Native SpeciesWood frog

Rana sylvatica
FOUND by 34SYellowTeam
2015-04-13
Wells Maine
ID Questioned
Quality checked by 34SYellowTeam
Peer reviewed by 34SYellowTeam
Field Notes
I saw a wood frog. I see tadpoles.I hear a frog. I smell the water. I also hear a type of bug. the water level went down.
A sketch of our study site.
Supporting Evidence
Photo of my evidence.
Wood frog tadpoles are small, dark and numerous.
Species Observation: Species Looked For
Did you find it?: 
I think I found it
Scientific name:
Rana sylvatica
Common name:
Wood frog
Count of individuals: 
Coverage: 
Reproduction: 
How big is it?: 
Is it male or female?: 
Sampling method: 
Just looking around
Photo of our sampling method.
Place Studied
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Map this species
Latitude: 
N 43.319690 °
Longitude: 
W -70.594593 °
Observation Site Information
A photo of our study site.
Habitat: 
Freshwater - On a wetland
Trip Information
Name:
WES Vernal Pool 2015
Trip date: 
Mon, 2015-04-13 16:24
Town or city: 
Wells Maine
Type of investigation: 
Species and Habitat Survey
Ecosystem: 
Freshwater
Watershed: 
Piscataqua
MIDAS Code: 
Habitat Observations
Species diversity: 
Evidence of vectors: 
Water temperature: 
pH: 
Dissolved oxygen: 

Comments

boom goes the dinamite

boom goes the dinamite

sorry but it is salamander tadpoles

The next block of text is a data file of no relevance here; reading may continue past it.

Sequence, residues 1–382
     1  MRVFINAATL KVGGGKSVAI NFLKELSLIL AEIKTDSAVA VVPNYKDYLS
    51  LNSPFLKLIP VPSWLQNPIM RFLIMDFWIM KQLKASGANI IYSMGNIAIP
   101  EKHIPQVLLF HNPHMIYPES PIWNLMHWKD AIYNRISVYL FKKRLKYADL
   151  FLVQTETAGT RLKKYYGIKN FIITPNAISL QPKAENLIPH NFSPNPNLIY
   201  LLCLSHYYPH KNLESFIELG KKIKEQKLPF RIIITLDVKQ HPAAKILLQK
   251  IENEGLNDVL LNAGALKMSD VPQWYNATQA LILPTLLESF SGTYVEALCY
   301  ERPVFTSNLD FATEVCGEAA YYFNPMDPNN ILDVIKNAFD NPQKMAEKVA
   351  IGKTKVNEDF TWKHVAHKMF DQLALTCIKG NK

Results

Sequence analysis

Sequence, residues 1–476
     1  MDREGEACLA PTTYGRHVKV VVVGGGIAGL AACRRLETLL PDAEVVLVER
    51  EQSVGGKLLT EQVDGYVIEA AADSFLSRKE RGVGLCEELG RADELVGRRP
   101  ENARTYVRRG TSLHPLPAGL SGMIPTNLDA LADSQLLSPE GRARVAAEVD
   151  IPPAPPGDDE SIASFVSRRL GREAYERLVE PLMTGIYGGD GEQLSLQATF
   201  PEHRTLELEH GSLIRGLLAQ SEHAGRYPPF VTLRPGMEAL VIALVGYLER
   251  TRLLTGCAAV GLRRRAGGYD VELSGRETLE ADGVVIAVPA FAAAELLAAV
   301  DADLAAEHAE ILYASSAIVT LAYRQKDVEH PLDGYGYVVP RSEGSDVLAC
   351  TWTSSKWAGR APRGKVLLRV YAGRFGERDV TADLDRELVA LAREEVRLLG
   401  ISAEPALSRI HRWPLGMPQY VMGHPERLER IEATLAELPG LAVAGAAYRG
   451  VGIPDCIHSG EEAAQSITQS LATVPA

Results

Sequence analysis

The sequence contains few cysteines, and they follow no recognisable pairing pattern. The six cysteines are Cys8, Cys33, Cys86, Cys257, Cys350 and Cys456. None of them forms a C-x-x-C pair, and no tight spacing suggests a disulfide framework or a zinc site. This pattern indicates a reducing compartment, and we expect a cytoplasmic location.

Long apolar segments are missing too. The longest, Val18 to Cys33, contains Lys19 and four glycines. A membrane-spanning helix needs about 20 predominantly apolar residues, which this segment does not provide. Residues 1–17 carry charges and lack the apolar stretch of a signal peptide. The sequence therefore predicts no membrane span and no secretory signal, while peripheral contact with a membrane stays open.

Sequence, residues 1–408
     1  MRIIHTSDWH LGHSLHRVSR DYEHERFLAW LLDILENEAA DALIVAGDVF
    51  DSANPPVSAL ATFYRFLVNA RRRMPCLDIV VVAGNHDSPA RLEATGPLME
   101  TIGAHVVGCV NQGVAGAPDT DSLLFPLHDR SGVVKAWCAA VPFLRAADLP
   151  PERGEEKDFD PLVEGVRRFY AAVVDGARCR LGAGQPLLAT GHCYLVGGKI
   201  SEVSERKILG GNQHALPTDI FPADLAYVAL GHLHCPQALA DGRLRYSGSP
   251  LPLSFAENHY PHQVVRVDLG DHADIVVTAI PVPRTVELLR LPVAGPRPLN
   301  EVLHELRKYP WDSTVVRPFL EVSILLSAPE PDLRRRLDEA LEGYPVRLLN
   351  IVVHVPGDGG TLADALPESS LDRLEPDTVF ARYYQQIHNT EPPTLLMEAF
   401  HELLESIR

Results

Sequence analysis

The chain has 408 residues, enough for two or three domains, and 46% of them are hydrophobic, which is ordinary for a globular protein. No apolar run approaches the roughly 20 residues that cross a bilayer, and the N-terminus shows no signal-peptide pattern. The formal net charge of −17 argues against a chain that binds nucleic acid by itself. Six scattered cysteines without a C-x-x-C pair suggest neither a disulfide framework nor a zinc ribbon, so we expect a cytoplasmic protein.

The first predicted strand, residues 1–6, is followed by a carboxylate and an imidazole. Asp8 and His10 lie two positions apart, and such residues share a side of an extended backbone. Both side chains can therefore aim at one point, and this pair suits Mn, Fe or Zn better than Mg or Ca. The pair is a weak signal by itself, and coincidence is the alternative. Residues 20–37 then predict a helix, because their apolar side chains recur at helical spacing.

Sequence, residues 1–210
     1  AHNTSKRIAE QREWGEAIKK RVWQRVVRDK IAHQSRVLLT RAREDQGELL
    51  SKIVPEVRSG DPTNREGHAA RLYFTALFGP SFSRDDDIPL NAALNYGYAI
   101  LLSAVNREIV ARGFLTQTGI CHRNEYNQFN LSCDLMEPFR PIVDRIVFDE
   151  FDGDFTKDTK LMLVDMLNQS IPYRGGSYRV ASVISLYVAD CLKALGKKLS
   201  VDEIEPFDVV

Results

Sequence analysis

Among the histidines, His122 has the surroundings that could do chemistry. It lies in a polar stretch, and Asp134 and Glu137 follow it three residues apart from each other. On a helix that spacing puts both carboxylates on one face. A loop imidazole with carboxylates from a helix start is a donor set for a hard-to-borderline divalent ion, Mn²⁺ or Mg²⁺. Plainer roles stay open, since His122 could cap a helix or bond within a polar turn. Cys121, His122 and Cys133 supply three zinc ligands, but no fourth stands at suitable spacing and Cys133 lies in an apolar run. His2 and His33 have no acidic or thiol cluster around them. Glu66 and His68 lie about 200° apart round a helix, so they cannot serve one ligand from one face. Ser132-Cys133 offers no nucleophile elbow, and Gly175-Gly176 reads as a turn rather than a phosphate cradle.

its awesome i love the photos

The ID of the observed larvae is uncertain, but I'm not sure there is enough evidence to confirm the identification of the species found. I can change the status to questioned, but want the group to know that this is a particularly difficult task and takes expert knowledge to know what clues to look for to correctly identify the species. The more information you collect and observe in the field, the better!

It is really hard to tell when amphibian larvae are so small without closer inspection, but there is a good chance that the larvae are baby spotted salamanders. The evidence I would use to support this is the fact that the one egg that hasn't hatched yet is greenish in color. There is a special alga that grows on spotted salamander eggs turning them green.

Hi Bill,

I notice that you say you thik these might be spotted salamanders but the team is making the claim that this is wood frog. Should this be "ID confirmed" or "ID questioned"?

Thanks for all your great feedback!
-VS Team

Love the sketch of the frog nice going!

I like how your photos went good with your words.